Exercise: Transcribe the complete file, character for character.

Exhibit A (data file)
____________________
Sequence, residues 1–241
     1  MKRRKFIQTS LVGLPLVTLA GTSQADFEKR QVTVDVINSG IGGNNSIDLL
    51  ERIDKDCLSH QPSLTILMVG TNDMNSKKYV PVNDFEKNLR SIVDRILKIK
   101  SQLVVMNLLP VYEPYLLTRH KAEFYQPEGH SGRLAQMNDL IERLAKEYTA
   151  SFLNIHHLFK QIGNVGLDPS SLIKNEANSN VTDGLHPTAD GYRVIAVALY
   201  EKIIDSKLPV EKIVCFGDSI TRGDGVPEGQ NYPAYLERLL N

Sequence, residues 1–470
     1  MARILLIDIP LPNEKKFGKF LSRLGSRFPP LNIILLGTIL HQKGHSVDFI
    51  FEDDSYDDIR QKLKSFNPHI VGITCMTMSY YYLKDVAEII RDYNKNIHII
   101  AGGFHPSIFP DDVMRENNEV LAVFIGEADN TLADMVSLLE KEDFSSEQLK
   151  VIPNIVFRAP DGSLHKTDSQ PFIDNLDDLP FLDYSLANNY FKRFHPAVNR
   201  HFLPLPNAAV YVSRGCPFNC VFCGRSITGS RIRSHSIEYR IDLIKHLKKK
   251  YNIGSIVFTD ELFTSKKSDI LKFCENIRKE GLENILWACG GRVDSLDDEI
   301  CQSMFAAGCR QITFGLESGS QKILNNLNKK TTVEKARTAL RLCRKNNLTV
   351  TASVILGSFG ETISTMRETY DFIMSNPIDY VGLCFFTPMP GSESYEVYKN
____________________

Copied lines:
Sequence, residues 1–241
     1  MKRRKFIQTS LVGLPLVTLA GTSQADFEKR QVTVDVINSG IGGNNSIDLL
    51  ERIDKDCLSH QPSLTILMVG TNDMNSKKYV PVNDFEKNLR SIVDRILKIK
   101  SQLVVMNLLP VYEPYLLTRH KAEFYQPEGH SGRLAQMNDL IERLAKEYTA
   151  SFLNIHHLFK QIGNVGLDPS SLIKNEANSN VTDGLHPTAD GYRVIAVALY
   201  EKIIDSKLPV EKIVCFGDSI TRGDGVPEGQ NYPAYLERLL N

Sequence, residues 1–470
     1  MARILLIDIP LPNEKKFGKF LSRLGSRFPP LNIILLGTIL HQKGHSVDFI
    51  FEDDSYDDIR QKLKSFNPHI VGITCMTMSY YYLKDVAEII RDYNKNIHII
   101  AGGFHPSIFP DDVMRENNEV LAVFIGEADN TLADMVSLLE KEDFSSEQLK
   151  VIPNIVFRAP DGSLHKTDSQ PFIDNLDDLP FLDYSLANNY FKRFHPAVNR
   201  HFLPLPNAAV YVSRGCPFNC VFCGRSITGS RIRSHSIEYR IDLIKHLKKK
   251  YNIGSIVFTD ELFTSKKSDI LKFCENIRKE GLENILWACG GRVDSLDDEI
   301  CQSMFAAGCR QITFGLESGS QKILNNLNKK TTVEKARTAL RLCRKNNLTV
   351  TASVILGSFG ETISTMRETY DFIMSNPIDY VGLCFFTPMP GSESYEVYKN